By comparison, white-collar employees working at higher salary jobs plainly have it better. But that’s grading on a curve. If you are paying employees a six- or seven-figure income, but in return, you are asking them to put in 60, 70, 80 or even 90 hours a week, what is the toll on their quality of life, and ultimately on the quality of their work?
It isn’t realistic to build sustainable high-performing companies by way of unsustainable work practices. Meeting people’s core needs, rather than simply trying to squeeze more out of them, is what makes it possible for them to work more effectively.
When people work an excessive number of hours, they devolve – meaning they degenerate inexorably from a higher state of capability and consciousness to a more primitive, reactive one. Fatigue, as Vince Lombardi so accurately observed, makes cowards of us all.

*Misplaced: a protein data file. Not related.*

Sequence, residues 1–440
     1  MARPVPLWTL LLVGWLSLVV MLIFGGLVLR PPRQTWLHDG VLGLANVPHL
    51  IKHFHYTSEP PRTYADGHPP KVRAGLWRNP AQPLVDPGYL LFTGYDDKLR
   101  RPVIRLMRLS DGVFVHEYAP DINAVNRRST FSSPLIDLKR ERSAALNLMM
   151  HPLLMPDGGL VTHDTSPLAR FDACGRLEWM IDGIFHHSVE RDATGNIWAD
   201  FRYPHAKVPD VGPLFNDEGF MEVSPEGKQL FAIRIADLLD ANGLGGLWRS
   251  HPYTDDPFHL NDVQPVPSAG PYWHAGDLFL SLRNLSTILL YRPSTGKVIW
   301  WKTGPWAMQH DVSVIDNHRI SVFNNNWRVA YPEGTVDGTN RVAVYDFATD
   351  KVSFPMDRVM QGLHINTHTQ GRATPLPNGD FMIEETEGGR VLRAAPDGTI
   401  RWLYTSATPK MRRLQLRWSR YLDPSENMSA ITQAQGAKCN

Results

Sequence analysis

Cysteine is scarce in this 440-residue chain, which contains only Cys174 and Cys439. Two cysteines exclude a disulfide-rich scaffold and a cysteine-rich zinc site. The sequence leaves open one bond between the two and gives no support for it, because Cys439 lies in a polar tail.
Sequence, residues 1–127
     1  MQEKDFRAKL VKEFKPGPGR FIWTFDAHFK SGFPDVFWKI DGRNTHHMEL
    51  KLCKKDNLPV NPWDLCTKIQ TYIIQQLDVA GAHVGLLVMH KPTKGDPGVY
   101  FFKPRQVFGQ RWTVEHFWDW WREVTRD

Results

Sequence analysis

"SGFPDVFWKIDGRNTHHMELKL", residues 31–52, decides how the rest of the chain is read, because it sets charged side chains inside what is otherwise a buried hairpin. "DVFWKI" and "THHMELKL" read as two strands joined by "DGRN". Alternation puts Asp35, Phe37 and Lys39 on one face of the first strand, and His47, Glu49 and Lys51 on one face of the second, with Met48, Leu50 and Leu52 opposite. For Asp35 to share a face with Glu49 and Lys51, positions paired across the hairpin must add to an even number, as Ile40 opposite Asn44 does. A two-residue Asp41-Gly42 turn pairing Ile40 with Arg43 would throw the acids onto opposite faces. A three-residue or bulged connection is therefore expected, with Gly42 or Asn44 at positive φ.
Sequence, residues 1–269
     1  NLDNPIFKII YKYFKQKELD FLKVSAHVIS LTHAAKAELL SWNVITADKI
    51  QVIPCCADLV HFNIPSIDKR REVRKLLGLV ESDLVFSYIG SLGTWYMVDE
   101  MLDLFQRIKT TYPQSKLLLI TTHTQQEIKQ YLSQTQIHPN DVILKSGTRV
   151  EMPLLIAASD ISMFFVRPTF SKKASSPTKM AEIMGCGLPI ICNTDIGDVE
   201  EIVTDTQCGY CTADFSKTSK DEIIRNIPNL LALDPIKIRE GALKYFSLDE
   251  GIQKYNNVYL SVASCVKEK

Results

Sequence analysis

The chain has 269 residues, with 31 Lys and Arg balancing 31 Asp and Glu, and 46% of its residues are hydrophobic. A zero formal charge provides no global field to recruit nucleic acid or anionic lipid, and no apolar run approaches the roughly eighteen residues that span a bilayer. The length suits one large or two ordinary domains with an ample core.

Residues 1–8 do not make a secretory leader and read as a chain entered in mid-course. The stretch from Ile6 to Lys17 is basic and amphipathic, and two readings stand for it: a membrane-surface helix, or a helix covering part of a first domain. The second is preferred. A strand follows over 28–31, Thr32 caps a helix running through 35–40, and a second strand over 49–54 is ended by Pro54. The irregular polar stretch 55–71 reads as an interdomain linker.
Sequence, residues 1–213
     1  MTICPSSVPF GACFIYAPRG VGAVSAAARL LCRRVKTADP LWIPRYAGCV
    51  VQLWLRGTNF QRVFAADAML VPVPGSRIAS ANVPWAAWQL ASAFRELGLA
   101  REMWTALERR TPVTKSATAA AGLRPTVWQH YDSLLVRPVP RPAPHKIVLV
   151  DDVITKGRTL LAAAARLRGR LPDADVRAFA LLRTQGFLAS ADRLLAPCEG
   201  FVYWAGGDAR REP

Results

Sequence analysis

Fear is the primary driver of this crisis. Public companies live in morbid fear of being outflanked by competitors, failing to meet their quarterly targets and watching helplessly as their stocks are pummeled by impatient investors.
Leaders and managers live in fear of not delivering their numbers and losing their jobs, so they look constantly for ways to cut expenses – and head counts – which puts ever more pressure on their employees to do more with fewer resources. It’s a vicious, accelerating cycle that serves no one well.
None of this is new. What has changed is the intensity and relentlessness of the pressure, supercharged by digital life and a global economy that extends the once finite working day to all hours of day and night.
Employees, in turn, have their rhythms set by the very technology invented to make their lives easier and free up time. Computers not only operate at high speeds, continuously, for hours on end. They also run multiple programs at the same time. We try gamely to keep up, but it’s a Sisyphean challenge.